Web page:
Really, it’s more like human tissue, anatomical sections or irritated skin, or perhaps another part of the human body, especially at first glance, with a cover of metal.
This project “Artificial Matters” designed by Dave Bantz and Michael Gross, Rather than taking the “true” or literal approach to materials, this project attempts to adopt techniques mastered by artists and apply them at an architectural scale. Material in art is used as a representational device for effects and a gateway to sensation. The “Artificial Matters” studio, run by SCIARC professor Elena Manferdini, aims to provoke new sensations through texture, geometry, coloration, and finish. The studio began by 3D scanning literal materials (in this case a sliced peach) and modifying the raw data to produce a synthetic material with thepotential to create new sensations. The project footnotes artists such as Murakami for his use of distortion through an object in the landscape, while the attempt here is to implement distortion and blurring of contextand figuration. The conceptual pavilion proposal for the Milan 2015 Expo takes massing, which has traditionally been absolute and legible, and makes it simultaneously illusory and viscerally evocative. This is where fact and fiction coexist. The exterior causes a distortion and blurring of reality through refraction and density, blurringthe figure. While the indexical cut reveals the interior materiality of the pavilion and is concerned with more visceral and immediate sublime sensations.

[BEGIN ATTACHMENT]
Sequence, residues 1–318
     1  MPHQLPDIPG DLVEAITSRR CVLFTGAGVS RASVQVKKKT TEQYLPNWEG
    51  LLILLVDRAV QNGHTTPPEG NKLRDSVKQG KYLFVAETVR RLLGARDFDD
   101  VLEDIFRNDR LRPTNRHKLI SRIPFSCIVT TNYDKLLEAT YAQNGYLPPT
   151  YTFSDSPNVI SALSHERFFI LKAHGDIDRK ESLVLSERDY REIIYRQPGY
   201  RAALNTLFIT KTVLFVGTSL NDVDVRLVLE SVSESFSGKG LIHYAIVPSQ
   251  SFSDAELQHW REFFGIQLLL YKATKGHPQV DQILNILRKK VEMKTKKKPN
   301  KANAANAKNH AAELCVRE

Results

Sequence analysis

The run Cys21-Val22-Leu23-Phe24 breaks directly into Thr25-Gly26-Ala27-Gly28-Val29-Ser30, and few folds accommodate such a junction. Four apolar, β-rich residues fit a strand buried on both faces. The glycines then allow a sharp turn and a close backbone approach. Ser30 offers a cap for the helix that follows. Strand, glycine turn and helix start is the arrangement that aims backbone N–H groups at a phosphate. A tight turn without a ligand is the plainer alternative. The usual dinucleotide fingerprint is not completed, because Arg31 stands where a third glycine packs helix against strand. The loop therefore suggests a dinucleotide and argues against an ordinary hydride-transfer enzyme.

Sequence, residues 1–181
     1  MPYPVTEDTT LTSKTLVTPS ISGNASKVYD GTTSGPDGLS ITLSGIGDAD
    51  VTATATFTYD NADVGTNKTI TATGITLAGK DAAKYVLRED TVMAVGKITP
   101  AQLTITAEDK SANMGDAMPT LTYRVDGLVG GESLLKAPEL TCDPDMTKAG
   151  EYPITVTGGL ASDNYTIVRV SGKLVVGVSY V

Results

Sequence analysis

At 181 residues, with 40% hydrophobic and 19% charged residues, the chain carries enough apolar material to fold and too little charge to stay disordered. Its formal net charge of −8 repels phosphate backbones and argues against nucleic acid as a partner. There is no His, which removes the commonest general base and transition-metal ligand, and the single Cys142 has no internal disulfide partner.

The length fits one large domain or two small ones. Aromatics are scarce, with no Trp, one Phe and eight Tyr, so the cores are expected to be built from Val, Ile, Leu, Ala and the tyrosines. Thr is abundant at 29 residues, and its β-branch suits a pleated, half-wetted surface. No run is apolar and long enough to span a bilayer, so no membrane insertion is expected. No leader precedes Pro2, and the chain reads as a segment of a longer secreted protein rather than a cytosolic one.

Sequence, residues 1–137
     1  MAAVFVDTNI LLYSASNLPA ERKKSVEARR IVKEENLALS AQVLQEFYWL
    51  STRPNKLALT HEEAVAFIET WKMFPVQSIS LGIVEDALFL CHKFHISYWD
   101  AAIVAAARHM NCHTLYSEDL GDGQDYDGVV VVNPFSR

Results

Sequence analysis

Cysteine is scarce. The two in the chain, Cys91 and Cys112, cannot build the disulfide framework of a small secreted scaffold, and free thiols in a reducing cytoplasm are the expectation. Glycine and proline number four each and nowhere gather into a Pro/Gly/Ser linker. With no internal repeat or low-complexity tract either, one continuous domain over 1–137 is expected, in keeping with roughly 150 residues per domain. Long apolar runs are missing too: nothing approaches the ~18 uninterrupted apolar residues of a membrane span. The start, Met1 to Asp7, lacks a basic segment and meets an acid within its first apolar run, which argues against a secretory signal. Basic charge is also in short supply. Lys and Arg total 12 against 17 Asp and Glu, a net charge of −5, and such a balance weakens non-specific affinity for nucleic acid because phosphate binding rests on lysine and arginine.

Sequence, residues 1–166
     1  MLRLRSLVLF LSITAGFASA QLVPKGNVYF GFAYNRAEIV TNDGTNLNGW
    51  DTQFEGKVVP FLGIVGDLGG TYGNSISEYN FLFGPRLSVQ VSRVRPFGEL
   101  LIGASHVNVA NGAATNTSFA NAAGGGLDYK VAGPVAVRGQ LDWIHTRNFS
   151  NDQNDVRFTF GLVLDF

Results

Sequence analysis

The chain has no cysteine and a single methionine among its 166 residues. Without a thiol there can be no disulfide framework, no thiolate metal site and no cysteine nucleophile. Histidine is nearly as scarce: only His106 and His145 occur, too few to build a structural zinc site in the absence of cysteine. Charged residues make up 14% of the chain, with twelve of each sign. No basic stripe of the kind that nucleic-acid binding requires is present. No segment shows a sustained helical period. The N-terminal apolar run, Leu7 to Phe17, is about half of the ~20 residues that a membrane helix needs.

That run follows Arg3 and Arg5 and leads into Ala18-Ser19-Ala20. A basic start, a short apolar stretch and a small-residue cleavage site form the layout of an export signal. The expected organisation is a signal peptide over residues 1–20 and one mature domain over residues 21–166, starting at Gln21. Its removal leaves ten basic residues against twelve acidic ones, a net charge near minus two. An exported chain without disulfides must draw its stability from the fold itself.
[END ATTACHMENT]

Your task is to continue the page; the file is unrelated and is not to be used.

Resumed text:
More About the Concept :
By Dave Bantz / Michael Gross
Instructor: Elena Manferdini
SCIARC Fall 2010